By Curt Peterson
Some people aren’t fans of returning to full-time, in-class learning. Who they are may surprise you.
But pro-reopening voices have echoed loudly across the country and state — nowhere, perhaps, more so than at the virtual National Safe School Reopening Summit on March 24.
First Lady Dr. Jill Biden said, “Classrooms are where our work [as educators] comes alive,” adding, students consider them “a safe place to live and grow.”
Education Secretary Miguel Cardona cited $130 billion dedicated to “safely reopen schools as quickly as possible” in the American Rescue package.
Ted Fisher, spokesperson for the Vermont’s Dept. of Education, told the Mountain Times, “Under the Elementary and Secondary School Emergency Relief (ESSER) fund for all three of the federal Covid-19 relief bills … Windsor Central receives $2,696,113 from ESSER III, and $4,033,426 from the three acts overall.”
Woodstock High/Middle School principal Garon Smail surveyed students’ families about transportation issues, and solicited comments about reopening.
“Many parents shared a strong desire to have students return to campus for more in-person learning days,” Principal Smail told the Mountain Times. “People cited declining socioemotional health, slower than usual learning progress, isolation, and the general wellbeing of their children as reasons for wanting more in-person days.”
Were there any negative comments?
“A much smaller number of people have shared concerns about spacing and adequate ventilation,” Smail answered, referring to his public comments about air transfer and spacing assurances he made at a recent board meeting presentation.
The Center for Disease Prevention (CDC) recommends specific spacing in schools, to which WCUUSD adheres.
Armed with new resources and pressured to reopen, WCUUSD campuses began four-day, full-time school on Monday, April 19. Students will continue to learn remotely on Wednesdays.
Superintendent Sherry Sousa said, “Wednesdays will remain remote days so that we can meet our expectations to faculty and staff for planning and preparation time.”
Other changes involve school meals and transportation. Buses will no longer be needed to deliver meals to coolers at driveways as students will eat in school, except on Wednesdays when breakfast and lunch will be available for pickup.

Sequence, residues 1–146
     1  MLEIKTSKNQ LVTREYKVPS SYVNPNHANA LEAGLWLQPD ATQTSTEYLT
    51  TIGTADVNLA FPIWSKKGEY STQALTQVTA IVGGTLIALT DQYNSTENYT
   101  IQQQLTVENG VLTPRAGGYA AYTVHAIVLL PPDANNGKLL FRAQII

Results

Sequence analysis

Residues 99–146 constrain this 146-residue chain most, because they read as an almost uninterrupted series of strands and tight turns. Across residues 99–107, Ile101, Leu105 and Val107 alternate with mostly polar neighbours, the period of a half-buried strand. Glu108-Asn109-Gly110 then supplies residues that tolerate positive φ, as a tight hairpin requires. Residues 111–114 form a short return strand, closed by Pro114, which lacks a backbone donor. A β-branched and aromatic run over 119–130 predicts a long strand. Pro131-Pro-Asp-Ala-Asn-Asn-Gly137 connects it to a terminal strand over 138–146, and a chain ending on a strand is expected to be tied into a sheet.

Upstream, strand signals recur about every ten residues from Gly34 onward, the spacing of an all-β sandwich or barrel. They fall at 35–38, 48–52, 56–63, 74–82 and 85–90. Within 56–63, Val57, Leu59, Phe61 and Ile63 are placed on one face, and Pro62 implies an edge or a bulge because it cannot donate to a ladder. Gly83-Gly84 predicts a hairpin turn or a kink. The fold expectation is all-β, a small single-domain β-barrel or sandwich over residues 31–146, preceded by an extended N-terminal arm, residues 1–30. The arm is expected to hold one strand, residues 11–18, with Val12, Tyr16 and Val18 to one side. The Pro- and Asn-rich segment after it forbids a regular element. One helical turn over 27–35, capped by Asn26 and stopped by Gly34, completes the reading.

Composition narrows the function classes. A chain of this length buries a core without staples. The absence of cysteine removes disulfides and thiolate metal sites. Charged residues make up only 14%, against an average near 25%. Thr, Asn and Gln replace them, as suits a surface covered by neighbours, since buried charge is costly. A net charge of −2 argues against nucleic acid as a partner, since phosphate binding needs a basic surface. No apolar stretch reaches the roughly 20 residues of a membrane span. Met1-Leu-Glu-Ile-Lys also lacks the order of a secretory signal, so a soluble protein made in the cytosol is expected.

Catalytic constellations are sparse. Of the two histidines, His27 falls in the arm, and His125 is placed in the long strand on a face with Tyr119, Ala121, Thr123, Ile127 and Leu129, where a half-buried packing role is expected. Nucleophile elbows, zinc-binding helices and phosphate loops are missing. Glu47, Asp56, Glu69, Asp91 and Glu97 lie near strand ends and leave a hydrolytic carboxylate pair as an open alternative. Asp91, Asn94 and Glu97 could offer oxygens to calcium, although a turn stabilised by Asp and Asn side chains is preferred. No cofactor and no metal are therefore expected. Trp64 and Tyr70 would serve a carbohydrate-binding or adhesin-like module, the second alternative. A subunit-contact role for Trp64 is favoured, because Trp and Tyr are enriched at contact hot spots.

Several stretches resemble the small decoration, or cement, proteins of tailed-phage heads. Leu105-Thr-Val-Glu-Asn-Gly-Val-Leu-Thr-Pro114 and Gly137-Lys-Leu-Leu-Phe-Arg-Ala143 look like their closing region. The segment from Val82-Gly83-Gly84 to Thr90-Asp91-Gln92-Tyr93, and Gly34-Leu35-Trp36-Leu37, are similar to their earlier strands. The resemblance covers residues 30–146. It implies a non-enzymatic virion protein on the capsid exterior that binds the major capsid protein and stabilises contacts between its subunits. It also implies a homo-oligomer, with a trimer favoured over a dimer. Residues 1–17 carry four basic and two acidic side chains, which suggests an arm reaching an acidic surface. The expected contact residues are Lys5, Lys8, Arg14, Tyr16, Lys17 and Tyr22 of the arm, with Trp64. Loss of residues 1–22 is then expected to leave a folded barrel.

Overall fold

“Parents were very positive,” Superintendent Sousa said, “and offered to bring and pick-up the majority of their students to [and from] school each day. We do not anticipate that bus transportation will be an issue, especially with new state guidance.”
Who is unhappy about reopening?
Student representative Genevieve Morel told the district board on April 5 that she is concerned about full-time in-person learning, saying the change in her personal scheduling this close to the end of the school year, as she is studying for Advanced Placement course exams, is very stressful.
Pomfret parent Cathy Peters told the Mountain Times, “The end of year is fast approaching, and that brings a lot of stress to students, and to add big changes to established routines seems like one more unnecessary burden.”
Peters’ concerns include the increased number of students within the school buildings, lack of morning health screenings, and students returning from a break possibly exposed to the virus. She and one of her daughters have health issues that make them susceptible to Covid, which brings a lot of extra anxiety to her over reopening.
“I can’t understand why there is still no way to video record classes for students so they can continue their classes at home during illness or pandemic in the [21st] century,” Peters lamented, suggesting some of the ESSER funds could finance such a program.
“There are only seven weeks left in the school year,” she said. “Vaccination status of the students hasn’t changed, and Covid infection [rates haven’t] decreased, so I feel again stuck between a rock and a hard place.”
In a recent letter to the editor in the Valley News, Woodstock Union High junior Jacob Weir cited “emerging new strains of the coronavirus” as another factor that should give administrators pause. “Even assuming that, after April break, many [students] will be vaccinated and safe, it feels pointless to make the change to in-person learning so near the end of the school year,” he said.
“The time does not feel right, and the reward is not worth the risks,” Weir wrote. “Many wonder; why rock the boat now?”